The Super Bowl Host Committee reported 1.1 million fans through the Super Bowl Village. The NFL Experience set a new attendance mark with well over 200,0o0. The focus was on the fans and you could tell. Years ago it would have just been the 70,000 or so fans that could attend the game with the experience. Now over 1 million fans walk away with a Super Bowl experience. With the home entertainment experience improving, sporting events and festivals will need to think about the event experience a little longer. The Super Bowl Committe in Indy thought about it for three years and it paid off well. The Super Bowl Village had 10 days of free concerts, 110 hours of live ESPN broadcasts from the Pan Am Plaza, interactive exhibits, sponsor activations, nightly fireworks, a department store transformed into a lounge, food, outdoor bars and a zipline that was the big hit with over 10,000 people zipping down a 96′ drop 800 ft down Capitol Avenue in front of the NFL Experience. At one end of the Village you could check out the Indiana Pacers at Banker’s Life Fieldhouse and at the other end the NFL Experience. Just south of the SB Village you had Lucas Oil Stadium. It is no secret that the downtown Indy set-up made it more fan friendly with its convenience. Plenty of restaurants in walking distance and great weather although I wish Saturday night would have been light snow over the rain. You felt part of the event without attending the actual game. It was an experience you would talk about.

Indy’s big secret weapon is its core volunteer base. The Indiana Sports Corporation has to be the best at keeping a strong database of enthusiatic and go-getter type volunteers.  Maybe it was the swag. Volunteers were given some really nice apparel and a lot got free zipline rides. The airport and hotels had volunteers greeting guests. The taxi companies were given service training. The NFL hired the Disney Institute to help game day workers provide the best experience possible. If you had a question, their were volunteers at most touchpoints to answer them. I found it really convenient receiving text updates on weather and other activities from the NFL. In one instance they texted they were closing one of the fan plazas due to high winds earlier in the week.

SB Parties

A lot of the parties were in walking distance from the Super Bowl Village some private and some not. Direct TV had the best set-up taking over Victory Field downtown and creating a buzz all week on the Dan Patrick Show. They tented just about the entire outfield of the class AAA ballpark. Jackson Street downtown hosted a lot of parties at the local night clubs. Bud Light took over the Hampton and made it the Bud Light Hotel. The Hilbert Circle Theatre was also a popular location with the Late Night with Jimmy Fallon show and Bob Costas NFL town hall series. There was also a lot of talk about the Maxim Party at the State Fairgrounds and the Taste of the NFL at Gleaners. Both 10-15 minutes from downtown. The St. Elmo Steakhouse probably had the biggest concentration of celebrities throughout the 10 days. One night feeding boths teams. All of the movers and shakers in sports ate their at least once.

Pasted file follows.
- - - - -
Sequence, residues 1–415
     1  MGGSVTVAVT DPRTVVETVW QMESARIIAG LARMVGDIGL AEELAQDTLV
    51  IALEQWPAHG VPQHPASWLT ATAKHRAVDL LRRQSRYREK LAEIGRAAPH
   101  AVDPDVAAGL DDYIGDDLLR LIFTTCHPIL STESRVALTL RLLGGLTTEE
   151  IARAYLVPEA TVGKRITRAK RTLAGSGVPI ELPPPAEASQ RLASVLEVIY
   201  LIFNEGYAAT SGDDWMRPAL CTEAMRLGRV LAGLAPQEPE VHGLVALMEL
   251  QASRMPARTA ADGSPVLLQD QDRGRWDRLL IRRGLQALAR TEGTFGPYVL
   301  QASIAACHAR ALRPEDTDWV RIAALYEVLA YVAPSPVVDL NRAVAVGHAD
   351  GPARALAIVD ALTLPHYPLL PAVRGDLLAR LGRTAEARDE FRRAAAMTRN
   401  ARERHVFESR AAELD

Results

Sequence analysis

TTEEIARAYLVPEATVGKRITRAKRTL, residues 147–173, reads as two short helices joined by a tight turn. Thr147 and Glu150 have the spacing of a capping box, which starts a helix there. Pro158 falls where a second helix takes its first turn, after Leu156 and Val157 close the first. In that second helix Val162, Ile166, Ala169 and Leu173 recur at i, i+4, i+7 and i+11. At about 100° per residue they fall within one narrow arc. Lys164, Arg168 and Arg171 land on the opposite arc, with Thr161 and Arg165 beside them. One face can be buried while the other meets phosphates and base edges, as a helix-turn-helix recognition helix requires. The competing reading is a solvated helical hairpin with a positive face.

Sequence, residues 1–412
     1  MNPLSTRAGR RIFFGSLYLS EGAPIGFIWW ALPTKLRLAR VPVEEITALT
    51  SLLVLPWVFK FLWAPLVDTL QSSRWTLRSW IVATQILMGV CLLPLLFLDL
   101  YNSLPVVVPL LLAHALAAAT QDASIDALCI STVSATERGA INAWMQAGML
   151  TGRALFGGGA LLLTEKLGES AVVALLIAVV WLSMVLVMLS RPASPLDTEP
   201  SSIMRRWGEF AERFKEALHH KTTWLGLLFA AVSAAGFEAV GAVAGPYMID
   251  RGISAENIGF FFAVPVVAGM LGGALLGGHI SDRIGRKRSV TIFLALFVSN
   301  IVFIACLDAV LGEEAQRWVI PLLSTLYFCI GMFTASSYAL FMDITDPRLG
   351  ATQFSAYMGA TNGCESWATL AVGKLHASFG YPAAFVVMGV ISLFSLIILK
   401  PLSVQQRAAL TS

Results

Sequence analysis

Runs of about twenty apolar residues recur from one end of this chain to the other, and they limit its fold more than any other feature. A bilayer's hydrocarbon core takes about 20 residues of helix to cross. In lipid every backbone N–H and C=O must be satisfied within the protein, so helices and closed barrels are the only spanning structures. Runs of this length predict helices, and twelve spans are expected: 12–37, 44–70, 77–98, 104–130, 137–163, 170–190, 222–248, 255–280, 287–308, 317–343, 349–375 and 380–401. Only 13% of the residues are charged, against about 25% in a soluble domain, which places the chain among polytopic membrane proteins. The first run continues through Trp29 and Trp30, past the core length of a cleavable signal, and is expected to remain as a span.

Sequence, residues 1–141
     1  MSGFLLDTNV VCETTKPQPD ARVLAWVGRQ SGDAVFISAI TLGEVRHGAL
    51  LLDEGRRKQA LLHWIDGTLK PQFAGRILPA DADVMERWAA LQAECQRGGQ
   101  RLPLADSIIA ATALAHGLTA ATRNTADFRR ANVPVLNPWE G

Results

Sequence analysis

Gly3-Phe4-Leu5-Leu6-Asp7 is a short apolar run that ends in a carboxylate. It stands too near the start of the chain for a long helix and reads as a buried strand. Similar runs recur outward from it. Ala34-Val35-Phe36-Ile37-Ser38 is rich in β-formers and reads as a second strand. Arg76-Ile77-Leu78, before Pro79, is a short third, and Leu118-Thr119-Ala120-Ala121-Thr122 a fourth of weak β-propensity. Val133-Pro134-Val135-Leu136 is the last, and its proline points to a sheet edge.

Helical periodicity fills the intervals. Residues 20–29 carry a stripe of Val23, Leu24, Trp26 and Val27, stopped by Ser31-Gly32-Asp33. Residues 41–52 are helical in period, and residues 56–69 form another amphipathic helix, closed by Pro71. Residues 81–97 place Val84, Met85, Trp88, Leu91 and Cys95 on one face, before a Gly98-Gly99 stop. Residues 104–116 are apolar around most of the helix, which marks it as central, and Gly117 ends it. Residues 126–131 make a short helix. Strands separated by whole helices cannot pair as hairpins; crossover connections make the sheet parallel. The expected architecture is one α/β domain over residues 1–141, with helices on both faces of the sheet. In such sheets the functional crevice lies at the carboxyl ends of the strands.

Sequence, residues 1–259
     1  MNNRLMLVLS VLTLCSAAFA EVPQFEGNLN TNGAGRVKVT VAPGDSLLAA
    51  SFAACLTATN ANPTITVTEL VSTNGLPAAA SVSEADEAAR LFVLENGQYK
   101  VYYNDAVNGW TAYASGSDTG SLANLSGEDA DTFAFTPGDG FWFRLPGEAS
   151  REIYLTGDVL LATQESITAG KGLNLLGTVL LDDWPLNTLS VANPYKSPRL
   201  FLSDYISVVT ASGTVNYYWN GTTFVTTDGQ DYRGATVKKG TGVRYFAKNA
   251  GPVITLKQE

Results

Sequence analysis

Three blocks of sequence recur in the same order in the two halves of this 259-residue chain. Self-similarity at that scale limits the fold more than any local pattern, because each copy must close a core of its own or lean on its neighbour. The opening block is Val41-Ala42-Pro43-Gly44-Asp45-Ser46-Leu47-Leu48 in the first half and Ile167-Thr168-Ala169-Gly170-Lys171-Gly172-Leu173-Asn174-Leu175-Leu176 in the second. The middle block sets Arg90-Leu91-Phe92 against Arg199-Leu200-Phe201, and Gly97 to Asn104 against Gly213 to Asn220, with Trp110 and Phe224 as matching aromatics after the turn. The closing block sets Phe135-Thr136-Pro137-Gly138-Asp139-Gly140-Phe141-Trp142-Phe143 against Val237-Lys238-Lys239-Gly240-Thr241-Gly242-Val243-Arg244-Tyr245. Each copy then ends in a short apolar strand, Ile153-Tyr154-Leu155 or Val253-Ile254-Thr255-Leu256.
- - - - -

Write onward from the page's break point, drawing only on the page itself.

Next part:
There was a lot of talk about the hotel rooms being the highest ever with groups staying as far away as Chicago and Louisville. People did settle for some substandard hotels and pay 5 to 10 times the rate and a lot required four night minimums. Sports Business Journal ran an article on it in their January 30 – February 5 issue interviewing a lot of sports hospitality agencies.  Parking was  $20 – $30 days before the Super Bowl and higher the day of the event. I think the parking lots were too greedy at first and then had to adjust and pull back. A lot of people and volunteers parked at the Indianapolis Zoo. I was able to go from Greenwood to a parking garage in 15 minutes a few hours before the game. It was never a problem getting into downtown as the highways seemed pretty normal. Washington street just a couple blocks north of the SB Village was transformed into the bus transportation center transporting people from different parts of town. Virginia Street northeast of the SB Village was made into the main taxi stand, but I saw people getting into them all around the downtown.

There were a number of adjustments made by City officials throughout the 10 days. One that was key was when IMPD (Indianapolis Metro Police Department) altered the traffic flow in and out of the SB Village.  On Friday night before and during the LMFAO concert it was girdlock. You could walk in and out of the Village on any of the adjacent streets. The Village was actually near capacity and you could get stuck in the crowd with people trying to work their way in and others trying to work their way out. Some minor injuries were reported, but it could have worse with the amount of people and the drinking. But it was a great crowd of people as most were very patient. On Saturday night people were pushed to Capitol Street to enter and you could exit on Illinois and Meridian. More people meant the need for more restrooms. Tons of trash was hauled out of the Village and the local DPW was fantastic. Rarely did you see overflowing trash cans for very long. It was not like Mardi Gras where there is a smell or at least there was the time I visited the event. The NFL Commish said Indy would be considered again and the national media gave its praise as well. That’s what happens when you are fans first and have the right people with the right plan.